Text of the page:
This year’s Tony Awards ceremony, which has been uncertain since Hollywood screenwriters went on strike earlier this month, will go ahead as planned in a modified form after the writers’ union said Monday night that it would not picket.
“As they supported us, we stand with our colleagues on Broadway who are affected by our strike,” the Writers Guild of America, which represents screenwriters, said in a statement late Monday.
A disruption could have been damaging to Broadway, which sees the televised ceremony as a key marketing opportunity, especially now when audiences have yet to return to pre-pandemic levels. Several nominated shows have run at a loss, in hopes that a win for Tony – or even exposure to the show – could boost sales.
The union has made it clear that the show, which is scheduled to air on CBS on June 11, will be different from past ceremonies.
“Tony Awards Productions (a joint venture of the Broadway League and the American Theater Wing) has informed us that they are modifying this year’s show to conform to specific requests from the WGA, and therefore the WGA will not be making picketing in front of the show,” the union said in a statement. “The responsibility for having to make changes to the format of the 2023 Tony Awards rests entirely on the shoulders of Paramount/CBS and their allies. They continue to refuse to negotiate a fair contract for writers represented by the WGA”
The union did not specify what those differences would be, and Tony Awards administrators had no immediate comment. But a person familiar with the plan, who spoke on terms not yet public, said the revised show would include the presentation of key awards and live performances of songs from Broadway shows, but that it would not feature any new scripted material by screenwriters in its opening number or comedic template.
The Tony Awards agreed they would not use any part of a draft script that was written before the writers’ strike began, the person said.
It wasn’t immediately clear what role, if any, Ariana DeBose will play on the show. The Oscar-winning actress and Broadway lover hosted the awards show last year and agreed to host it again this year; she is a talented singer and dancer, so it remains possible that she could still play a role in an unscripted awards show, but that is yet to be determined.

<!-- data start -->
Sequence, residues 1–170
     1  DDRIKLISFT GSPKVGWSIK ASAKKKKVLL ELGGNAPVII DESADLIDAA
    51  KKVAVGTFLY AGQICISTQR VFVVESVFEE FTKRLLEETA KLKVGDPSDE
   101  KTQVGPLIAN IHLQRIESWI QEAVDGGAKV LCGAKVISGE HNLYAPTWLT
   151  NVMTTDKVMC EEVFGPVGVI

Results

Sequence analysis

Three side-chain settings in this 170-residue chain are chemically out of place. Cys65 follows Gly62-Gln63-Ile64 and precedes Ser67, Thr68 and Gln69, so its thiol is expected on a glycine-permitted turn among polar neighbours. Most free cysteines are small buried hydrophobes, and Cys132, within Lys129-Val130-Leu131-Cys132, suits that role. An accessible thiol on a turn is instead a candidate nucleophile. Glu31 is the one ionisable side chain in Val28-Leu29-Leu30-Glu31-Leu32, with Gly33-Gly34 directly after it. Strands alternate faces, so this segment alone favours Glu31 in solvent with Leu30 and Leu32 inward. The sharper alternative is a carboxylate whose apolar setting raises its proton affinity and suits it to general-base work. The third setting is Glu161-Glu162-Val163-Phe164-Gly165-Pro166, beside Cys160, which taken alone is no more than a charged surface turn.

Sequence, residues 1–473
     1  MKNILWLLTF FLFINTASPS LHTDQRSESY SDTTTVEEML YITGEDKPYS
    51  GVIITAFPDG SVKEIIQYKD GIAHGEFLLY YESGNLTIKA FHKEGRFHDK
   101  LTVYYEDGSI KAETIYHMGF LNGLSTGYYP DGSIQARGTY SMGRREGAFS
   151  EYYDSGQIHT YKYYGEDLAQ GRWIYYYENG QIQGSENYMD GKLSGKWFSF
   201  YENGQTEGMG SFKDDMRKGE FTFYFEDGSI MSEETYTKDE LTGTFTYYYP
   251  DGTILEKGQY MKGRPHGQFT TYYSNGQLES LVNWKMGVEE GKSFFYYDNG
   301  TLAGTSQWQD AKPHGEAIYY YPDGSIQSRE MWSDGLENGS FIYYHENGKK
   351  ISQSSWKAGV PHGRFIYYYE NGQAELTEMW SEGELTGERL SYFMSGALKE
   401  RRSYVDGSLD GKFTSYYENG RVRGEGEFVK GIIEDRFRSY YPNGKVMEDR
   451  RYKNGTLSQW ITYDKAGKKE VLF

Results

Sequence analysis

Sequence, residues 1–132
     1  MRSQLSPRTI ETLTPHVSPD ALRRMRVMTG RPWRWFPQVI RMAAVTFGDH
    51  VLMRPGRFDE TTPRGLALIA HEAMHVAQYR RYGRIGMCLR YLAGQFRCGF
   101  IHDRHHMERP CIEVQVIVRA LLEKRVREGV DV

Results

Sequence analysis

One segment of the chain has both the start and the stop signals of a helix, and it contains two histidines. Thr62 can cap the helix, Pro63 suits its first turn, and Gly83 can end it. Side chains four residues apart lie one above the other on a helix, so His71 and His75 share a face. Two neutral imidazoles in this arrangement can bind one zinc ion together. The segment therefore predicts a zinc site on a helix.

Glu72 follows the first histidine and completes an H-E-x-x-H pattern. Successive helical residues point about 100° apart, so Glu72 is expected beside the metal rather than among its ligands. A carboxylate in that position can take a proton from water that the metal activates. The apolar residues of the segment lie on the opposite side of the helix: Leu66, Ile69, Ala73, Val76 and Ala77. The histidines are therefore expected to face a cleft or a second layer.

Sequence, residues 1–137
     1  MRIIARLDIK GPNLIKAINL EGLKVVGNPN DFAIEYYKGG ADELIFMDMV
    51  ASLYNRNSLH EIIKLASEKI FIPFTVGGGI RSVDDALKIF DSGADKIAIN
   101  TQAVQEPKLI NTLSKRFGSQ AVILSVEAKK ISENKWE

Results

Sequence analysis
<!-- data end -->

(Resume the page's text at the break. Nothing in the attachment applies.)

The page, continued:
While the Tony Awards aren’t a big draw compared to other awards shows, the televised ceremony is a key marketing opportunity for the theater industry, which still draws audiences well below pre-pandemic numbers.
It became clear immediately after the writers’ strike broke out that the labor disruption could affect the Tony Awards, as the awards show is televised (by CBS) and streamed live (by Paramount+) and usually features a screenplay written by screenwriters.
Broadway is a heavily unionized industry, and unionized theater workers like actors and musicians were not going to participate in an awards show protested by another union. The Tony Awards administrators, aware of these concerns, asked the WGA for a waiver that would have allowed its writers to work on the series, given the dire situation in the theater industry; On Friday, the WGA denied that request, and on Monday night it reiterated that denial, saying the guild “will not be negotiating an interim agreement or waiver for the Tony Awards.”
But the Tony Awards administrators didn’t give up and asked the guild if, even without a waiver to allow writers to work on the show, it would allow the broadcast to go ahead without writers as long as it met certain conditions. .
Prominent theater artists who work on Broadway and are allied with the Writers Guild also spoke out on behalf of the Tonys, saying forcing the show off the air would be devastating to the art form and to the many artistic workers it employs. The combination of lobbying efforts and new terms — which neither Broadway nor union officials have elaborated on — appeared to have prompted the guild to say Monday night that it would not picket the show.
Striking screenwriters have argued that their wages have stagnated and working conditions have deteriorated despite TV production booming over the past decade. Negotiations between major Hollywood studios – represented by the Alliance of Motion Picture and Television Producers – and the WGA broke down three weeks ago. About 11,500 writers went on strike from May 2.
Over the past two weeks, the writers have gathered picket lines outside major studios in Los Angeles and production sound stages in New York. But the writers also went further, with some picketing outside productions in more distant locations like Maplewood, NJ, Chicago and Philadelphia.
The threat of protests forced Netflix to cancel a major in-person showcase for advertisers, which was scheduled for Wednesday, and turn it into a virtual format instead. The company also canceled an appearance by Netflix co-CEO Ted Sarandos at the PEN America Literary Gala at the Museum of Natural History on Thursday, where he was to be honored alongside the longtime “Saturday Night Live” executive producer. Lorne Michaels. .
CBS has been broadcasting the Tonys since the 1970s, making it one of the longest continuous relationships between a single broadcaster and an awards show. CBS struck a deal to air the show through 2026. Due to the Tonys’ relatively low viewership, it has long been more of a prestige piece for the network than a major profit generator.